A while ago I attended an introductory talk, kindly sponsored by my employers, as a precursor to a quit-smoking campaign. I know that it's bad for me and I can't stop on my own, so I went along to listen. The person addressing us was a sprightly retiree with 20 years' worth of quitting experience under his belt, and a skin as thick as a rhino.
He needed it. Having been consigned by someone disdainful to a noisy corner of the lunch-room, he opened his talk without even a chair or whiteboard. One of us arranged a chair for him and, after we were already well into the presentation, another disdainful somebody wheeled in a dirty whiteboard. To cap it all, she proceeded to clean a very narrow panel on the whiteboard – somehow implying that he'd only have a narrow amount to say.
He spoke, we listened, we interacted. And he explained how the programme worked, that we'd have assignments and we'd be thoroughly involved in the process of regaining freedom. At no point were we led to think that the appearance, personality, age or creed of the retiree before us would be the thing to loosen the choke-hold that nicotine has on us – the programme and our participation would be the thing.
I signed up, and immediately took myself outside for a cigarette to celebrate. Which is one of the things I'll be learning to do as we go along – how to argue, worry, eat, socialise, talk, think, write and celebrate without cigarettes. While lighting up, one of the disdainful people appeared on the balcony and a colleague asked if they'd be joining the programme. The answer: "No, I don't think he's right for our people….."!?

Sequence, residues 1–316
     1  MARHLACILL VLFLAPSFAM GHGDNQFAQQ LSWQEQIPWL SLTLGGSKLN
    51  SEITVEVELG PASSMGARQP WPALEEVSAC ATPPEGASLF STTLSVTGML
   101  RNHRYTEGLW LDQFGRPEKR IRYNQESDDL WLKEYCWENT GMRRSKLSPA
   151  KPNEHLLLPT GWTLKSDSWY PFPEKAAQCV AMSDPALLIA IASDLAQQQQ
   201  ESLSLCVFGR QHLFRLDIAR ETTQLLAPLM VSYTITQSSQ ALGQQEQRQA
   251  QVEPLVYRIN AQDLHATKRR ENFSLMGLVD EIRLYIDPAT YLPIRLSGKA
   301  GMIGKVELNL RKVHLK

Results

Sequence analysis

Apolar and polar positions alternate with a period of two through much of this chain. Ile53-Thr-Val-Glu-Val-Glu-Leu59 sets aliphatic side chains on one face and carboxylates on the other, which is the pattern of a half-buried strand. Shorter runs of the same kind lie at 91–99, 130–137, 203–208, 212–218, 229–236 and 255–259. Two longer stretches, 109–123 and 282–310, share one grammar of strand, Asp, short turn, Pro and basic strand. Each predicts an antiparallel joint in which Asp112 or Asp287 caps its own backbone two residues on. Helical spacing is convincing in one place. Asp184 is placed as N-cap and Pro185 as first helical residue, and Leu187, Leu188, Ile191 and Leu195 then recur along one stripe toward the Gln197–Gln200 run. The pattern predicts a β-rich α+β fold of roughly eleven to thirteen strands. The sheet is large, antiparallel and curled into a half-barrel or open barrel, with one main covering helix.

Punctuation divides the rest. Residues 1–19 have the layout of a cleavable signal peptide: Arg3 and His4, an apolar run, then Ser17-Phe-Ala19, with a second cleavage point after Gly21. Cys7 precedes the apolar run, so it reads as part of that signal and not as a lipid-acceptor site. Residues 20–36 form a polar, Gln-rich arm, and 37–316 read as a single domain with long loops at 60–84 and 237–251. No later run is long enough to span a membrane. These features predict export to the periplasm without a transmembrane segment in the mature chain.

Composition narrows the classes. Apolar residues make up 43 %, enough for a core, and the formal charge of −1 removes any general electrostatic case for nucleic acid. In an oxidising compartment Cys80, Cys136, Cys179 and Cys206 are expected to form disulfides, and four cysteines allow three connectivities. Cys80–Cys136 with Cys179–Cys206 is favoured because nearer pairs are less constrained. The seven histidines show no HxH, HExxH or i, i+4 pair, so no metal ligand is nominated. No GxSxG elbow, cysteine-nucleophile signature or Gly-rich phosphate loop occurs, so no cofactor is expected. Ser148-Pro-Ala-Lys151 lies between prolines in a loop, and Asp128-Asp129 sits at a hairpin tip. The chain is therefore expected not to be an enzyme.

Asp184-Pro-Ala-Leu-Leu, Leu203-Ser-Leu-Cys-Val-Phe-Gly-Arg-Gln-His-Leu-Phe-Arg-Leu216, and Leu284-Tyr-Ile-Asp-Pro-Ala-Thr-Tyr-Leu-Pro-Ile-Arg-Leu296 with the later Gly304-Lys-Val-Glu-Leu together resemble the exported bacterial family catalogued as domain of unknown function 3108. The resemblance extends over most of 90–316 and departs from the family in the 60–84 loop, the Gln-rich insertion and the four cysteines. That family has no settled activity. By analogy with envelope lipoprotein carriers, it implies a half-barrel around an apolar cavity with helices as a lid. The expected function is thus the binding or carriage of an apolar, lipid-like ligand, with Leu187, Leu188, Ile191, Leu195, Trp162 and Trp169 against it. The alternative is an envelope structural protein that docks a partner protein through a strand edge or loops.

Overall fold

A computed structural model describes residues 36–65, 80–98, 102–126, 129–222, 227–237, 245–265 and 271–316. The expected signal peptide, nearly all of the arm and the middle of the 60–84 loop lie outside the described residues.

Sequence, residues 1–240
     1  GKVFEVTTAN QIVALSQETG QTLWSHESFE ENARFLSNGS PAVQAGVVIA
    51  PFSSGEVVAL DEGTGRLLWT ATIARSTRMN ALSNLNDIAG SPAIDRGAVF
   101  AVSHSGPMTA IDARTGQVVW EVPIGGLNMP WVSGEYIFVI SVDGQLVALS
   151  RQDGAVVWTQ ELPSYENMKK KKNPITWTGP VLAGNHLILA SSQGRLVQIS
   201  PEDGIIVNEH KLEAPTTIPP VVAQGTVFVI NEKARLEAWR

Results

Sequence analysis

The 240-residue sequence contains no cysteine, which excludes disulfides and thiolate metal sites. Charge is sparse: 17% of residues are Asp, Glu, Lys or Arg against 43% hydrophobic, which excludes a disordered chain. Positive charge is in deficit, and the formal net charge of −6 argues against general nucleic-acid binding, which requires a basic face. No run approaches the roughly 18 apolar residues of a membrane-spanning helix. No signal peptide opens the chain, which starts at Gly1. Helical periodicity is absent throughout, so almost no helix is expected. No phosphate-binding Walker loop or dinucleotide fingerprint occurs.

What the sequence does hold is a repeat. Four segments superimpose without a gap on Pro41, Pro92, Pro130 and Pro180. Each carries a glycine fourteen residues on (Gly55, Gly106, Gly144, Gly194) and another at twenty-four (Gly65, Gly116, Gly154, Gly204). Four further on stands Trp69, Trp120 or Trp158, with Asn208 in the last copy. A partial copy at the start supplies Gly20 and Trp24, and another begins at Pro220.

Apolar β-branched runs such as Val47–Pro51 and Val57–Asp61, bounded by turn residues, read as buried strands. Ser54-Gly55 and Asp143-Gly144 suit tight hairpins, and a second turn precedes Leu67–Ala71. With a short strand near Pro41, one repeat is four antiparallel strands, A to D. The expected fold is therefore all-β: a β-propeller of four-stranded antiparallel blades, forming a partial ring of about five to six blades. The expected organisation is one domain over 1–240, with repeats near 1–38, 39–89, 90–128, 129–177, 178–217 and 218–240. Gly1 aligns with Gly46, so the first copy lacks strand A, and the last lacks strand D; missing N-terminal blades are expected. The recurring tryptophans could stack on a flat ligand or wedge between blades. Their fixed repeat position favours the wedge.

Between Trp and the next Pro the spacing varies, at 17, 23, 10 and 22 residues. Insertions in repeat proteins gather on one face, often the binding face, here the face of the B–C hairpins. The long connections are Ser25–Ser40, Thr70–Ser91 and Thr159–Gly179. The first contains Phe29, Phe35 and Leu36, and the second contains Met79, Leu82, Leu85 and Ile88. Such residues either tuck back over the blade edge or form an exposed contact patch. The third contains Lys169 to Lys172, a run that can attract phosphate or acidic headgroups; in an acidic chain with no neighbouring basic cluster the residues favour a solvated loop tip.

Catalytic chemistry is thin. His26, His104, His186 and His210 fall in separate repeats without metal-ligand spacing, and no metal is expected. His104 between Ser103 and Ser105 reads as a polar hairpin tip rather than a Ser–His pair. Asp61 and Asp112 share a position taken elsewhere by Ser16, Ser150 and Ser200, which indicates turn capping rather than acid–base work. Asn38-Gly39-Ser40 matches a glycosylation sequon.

At this point it's important for me to explain that I am 48 years old, so according to modern thinking, I teeter on the brink of dotage. However, if I were a successful actress in Hollywood, 48 is considered just a step away from adolescence. Round about now, I'd be marrying a beautiful Mr Right and we'd be shopping for baby clothes as it's likely we'd be expecting our first child. I'd be on my third set of teeth, my second set of breasts and wearing the hair of a Russian teenager.
But, I'm just an ordinary someone working a job and standing in supermarket check-out lines, and there are days when I know that I'm getting older. There's much debate as to whether the new 30 is 50, but I think that only works for people in the very upper income bracket.
The truth is: at the core of myself, I feel the same even as I pass the milestones of each decade. The downside is mechanical wear-and-tear, but the upside is wisdom gained by pure experience. I only found out that heartbreak wouldn't kill me after I'd survived the first one. Similarly, I discovered that laugh-lines don't immediately render you hideous – it's the laughter that made you attractive to begin with.
In a society where technology morphs almost at the speed of light young people feel like they have all the advantage and not much need of senior citizens. But in all the blipping and tweeting of our instant digital millenium, it's easy to forget that the world still takes 24 hours to spin it's way through a full day and night, that wisdom knows no age – and neither does foolishness.
(Joanne Hart, Health24, February 2011)